Categories: , citizen developer, citizen development, digital transformation, Innovation, innovation, IT, software development
In this series of five articles, I'll be taking a comprehensive look at citizen development, from getting started to governance to scaling. Of course, there are certain principles to citizen development upon most of us will agree, but at the same time, different types of organizations will naturally have different experiences to draw on.
For that reason, I'm going to start with a basic overview of the key elements that make up citizen development – how we at Betty Blocks define it and why we're so passionate about supporting its adoption throughout enterprise organizations.
What is citizen development?
For the sake of clarity, this is how we define citizen development at Betty Blocks:
"A strategic program in which a new breed of developer builds applications on a platform that is governed by IT."
Note the governance part. It's something that we see lacking in citizen development definitions from time to time, but citizen development without governance is simply 'shadow IT'.
How did we get to citizen development?
The experienced developer shortage
By now, we've all heard about the increasing experienced developer shortage. But what are we talking about in terms of actual numbers? Statistics on the number of people in the world who can code range from 0.3% to 0.5%. That means that at least 99.5% of us can't write code.
Isn't that crazy?
With how much we rely on software in our everyday lives, for work as well as for pleasure, you'd be forgiven for thinking that these numbers have to be wrong. Enterprise organizations, however, see the full picture all too clearly.
Enterprise leaders understand these numbers because they see them directly reflected in the infamous and titanic backlogs – and titanic isn't a bad metaphor, considering the many tasks that spend so long on these backlogs they eventually sink into oblivion, as markets move on and render yesterday's ideas obsolete.
In fact, according to research by PMI, 86% of IT decision-makers site the greatest threat to digitally transforming their business as a shortage of developers. In other words, the demand for software is skyrocketing and there simply aren't – and won't be – enough experienced developers to fulfill this demand.
The knock-on effect of this is that application delivery is too slow – far from ideal during the current pandemic, in which organizations need to speed up delivery to meet the rising demand for digital products and services.
This leaves IT departments with their hands full just trying to keep daily operations running smoothly. And it leaves the business-side departments – customer services, sales, marketing, product, etc. – facing a roadblock in their need to modernize, adapt, and innovate.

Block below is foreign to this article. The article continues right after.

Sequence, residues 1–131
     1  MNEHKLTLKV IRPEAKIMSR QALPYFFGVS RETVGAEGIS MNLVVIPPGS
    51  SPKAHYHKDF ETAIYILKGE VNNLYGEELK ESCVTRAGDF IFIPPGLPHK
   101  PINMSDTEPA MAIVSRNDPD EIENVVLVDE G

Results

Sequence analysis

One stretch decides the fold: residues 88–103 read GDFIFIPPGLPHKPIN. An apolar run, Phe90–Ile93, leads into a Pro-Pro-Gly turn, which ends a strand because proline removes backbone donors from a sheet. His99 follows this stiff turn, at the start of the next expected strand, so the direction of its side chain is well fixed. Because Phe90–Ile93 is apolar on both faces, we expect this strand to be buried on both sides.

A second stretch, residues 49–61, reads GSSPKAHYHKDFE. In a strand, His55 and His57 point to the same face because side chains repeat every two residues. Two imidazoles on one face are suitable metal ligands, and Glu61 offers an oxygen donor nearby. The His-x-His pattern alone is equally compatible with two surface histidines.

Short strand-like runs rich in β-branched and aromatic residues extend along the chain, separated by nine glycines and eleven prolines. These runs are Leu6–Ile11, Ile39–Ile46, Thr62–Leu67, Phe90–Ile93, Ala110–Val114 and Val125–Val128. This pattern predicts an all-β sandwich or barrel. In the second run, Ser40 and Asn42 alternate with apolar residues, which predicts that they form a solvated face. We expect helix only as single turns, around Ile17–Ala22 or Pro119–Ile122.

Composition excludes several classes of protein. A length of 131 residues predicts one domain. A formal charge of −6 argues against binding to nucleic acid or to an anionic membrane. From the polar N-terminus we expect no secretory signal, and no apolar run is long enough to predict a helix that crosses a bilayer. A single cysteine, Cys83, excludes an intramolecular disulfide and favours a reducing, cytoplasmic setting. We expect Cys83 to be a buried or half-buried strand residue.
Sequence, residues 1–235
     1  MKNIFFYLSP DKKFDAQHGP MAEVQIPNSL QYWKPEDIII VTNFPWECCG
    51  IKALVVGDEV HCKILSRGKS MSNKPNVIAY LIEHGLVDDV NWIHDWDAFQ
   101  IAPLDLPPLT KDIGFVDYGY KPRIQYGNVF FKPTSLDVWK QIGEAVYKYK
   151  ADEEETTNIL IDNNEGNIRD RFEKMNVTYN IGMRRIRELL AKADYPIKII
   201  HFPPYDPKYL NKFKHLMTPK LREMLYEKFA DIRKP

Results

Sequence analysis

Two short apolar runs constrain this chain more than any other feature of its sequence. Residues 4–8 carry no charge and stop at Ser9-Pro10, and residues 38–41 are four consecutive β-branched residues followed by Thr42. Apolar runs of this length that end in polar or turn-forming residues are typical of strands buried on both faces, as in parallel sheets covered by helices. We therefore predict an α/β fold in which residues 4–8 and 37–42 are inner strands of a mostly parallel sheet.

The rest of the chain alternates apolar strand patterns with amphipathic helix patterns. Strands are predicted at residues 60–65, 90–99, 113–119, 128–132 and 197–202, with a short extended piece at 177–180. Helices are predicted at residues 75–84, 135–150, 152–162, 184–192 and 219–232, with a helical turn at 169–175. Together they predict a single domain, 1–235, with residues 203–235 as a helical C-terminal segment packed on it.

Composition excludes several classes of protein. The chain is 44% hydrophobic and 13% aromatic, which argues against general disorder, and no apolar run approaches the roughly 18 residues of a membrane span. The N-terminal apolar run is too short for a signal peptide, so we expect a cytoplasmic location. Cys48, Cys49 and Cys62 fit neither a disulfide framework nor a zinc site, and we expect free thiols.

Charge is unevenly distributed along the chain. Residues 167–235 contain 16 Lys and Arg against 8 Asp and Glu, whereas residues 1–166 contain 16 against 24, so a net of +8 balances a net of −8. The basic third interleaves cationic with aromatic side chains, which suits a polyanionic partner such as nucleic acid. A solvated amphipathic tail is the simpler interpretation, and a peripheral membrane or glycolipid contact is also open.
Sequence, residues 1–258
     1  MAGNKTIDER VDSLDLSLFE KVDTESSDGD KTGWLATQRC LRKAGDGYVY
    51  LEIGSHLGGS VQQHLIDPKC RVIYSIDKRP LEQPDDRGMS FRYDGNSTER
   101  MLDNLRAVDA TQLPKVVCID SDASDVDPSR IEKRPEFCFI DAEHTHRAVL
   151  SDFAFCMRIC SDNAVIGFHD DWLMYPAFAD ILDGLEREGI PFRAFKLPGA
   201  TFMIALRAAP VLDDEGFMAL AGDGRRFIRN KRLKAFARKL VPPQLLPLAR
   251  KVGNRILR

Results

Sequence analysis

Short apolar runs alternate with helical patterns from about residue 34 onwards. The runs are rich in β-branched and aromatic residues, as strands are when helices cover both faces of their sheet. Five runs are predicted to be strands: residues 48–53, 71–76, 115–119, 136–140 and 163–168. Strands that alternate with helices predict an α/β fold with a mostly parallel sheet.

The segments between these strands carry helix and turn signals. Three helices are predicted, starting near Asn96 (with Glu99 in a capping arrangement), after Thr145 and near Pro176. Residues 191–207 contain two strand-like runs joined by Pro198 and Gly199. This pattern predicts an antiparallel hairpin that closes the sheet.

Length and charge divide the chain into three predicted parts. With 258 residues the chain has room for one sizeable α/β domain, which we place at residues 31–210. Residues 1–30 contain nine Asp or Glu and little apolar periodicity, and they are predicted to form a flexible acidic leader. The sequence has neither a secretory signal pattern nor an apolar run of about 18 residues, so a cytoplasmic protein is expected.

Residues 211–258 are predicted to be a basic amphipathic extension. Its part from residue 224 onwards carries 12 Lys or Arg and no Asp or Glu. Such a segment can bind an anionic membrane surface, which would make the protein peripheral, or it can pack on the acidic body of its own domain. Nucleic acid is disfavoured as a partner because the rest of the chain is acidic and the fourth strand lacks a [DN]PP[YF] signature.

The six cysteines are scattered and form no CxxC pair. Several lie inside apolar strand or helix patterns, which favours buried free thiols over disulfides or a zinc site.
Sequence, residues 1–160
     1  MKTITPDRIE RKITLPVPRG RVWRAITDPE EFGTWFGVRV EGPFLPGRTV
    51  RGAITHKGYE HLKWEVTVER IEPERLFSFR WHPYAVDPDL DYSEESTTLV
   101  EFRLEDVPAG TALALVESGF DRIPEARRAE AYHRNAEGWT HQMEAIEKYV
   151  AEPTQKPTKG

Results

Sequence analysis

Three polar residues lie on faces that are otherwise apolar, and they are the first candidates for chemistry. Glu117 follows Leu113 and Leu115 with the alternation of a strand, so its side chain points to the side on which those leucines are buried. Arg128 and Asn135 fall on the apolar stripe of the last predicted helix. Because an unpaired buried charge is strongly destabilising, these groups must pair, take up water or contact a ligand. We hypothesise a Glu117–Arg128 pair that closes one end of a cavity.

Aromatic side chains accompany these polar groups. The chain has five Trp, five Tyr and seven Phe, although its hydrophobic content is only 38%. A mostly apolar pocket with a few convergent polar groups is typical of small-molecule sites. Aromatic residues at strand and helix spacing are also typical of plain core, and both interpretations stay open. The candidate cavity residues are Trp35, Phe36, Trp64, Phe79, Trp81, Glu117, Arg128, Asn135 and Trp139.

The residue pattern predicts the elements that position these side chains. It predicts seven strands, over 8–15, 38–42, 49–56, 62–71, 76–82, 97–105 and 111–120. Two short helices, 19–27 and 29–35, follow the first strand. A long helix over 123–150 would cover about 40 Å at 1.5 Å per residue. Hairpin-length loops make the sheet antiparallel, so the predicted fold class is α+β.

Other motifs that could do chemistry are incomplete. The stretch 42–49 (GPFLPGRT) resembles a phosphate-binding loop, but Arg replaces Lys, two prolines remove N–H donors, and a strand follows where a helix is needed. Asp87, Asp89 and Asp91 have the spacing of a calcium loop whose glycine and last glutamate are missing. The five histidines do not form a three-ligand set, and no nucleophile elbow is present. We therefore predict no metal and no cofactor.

Another reason we find ourselves in this brave new world of citizen development is shadow IT. I mentioned that many business-side employees, though dying to solve problems and innovate, are stuck, with no safe and effective way to realize their brilliant ideas.
But that doesn't mean they won't try.
Shadow IT is rife throughout enterprise organizations because when IT doesn't have the time to get the job done, the business side inevitably takes matters into its own hands. Although well-intentioned, this type of unsanctioned development leads to all sorts of problems, particularly in the areas of security, scalability, and maintenance.
There's more to citizen development than tackling the experienced developer shortage, the slow delivery time for applications, and the rising demand for software.
As customers are able to shop around more easily and access a greater array of options – products, services, vendors – than ever before, organizations need to work smarter to stand out. What does working smarter mean? In this case, it means having the people that are closest to the problem play an active role in building the solution.
If a customer service employee has a great idea for improving a customer-centered process, it makes sense to have them build the solution in an environment set up for citizen development success, under the governance of IT. Injecting that expert knowledge into the development process has, for many organizations, proven invaluable.
The tech that makes it possible
An effective citizen development platform should make development accessible to non-experienced developers whilst facilitating governance for central IT. This is the reason why no- and low-code platforms are the go-to tools for citizen development.
Both platforms generally utilize visual, drag-and-drop interfaces, which lower the technical barrier to entry whilst making it easy for IT to set permissions and roles, ensuring everything is done safely. We'll take a closer look at no- and low-code platforms later in this series.
Next time: Getting started with citizen development
I've covered the main challenges that led to the birth of citizen development. I've covered how citizen development expands the developer pool, providing organizations with additional resources. I've touched on how citizen development invites business-side insight into the development process, making for better products and services.
In the next article, I'll be taking a look at where organizations actually start with citizen development: The discovery phase.
See you next time!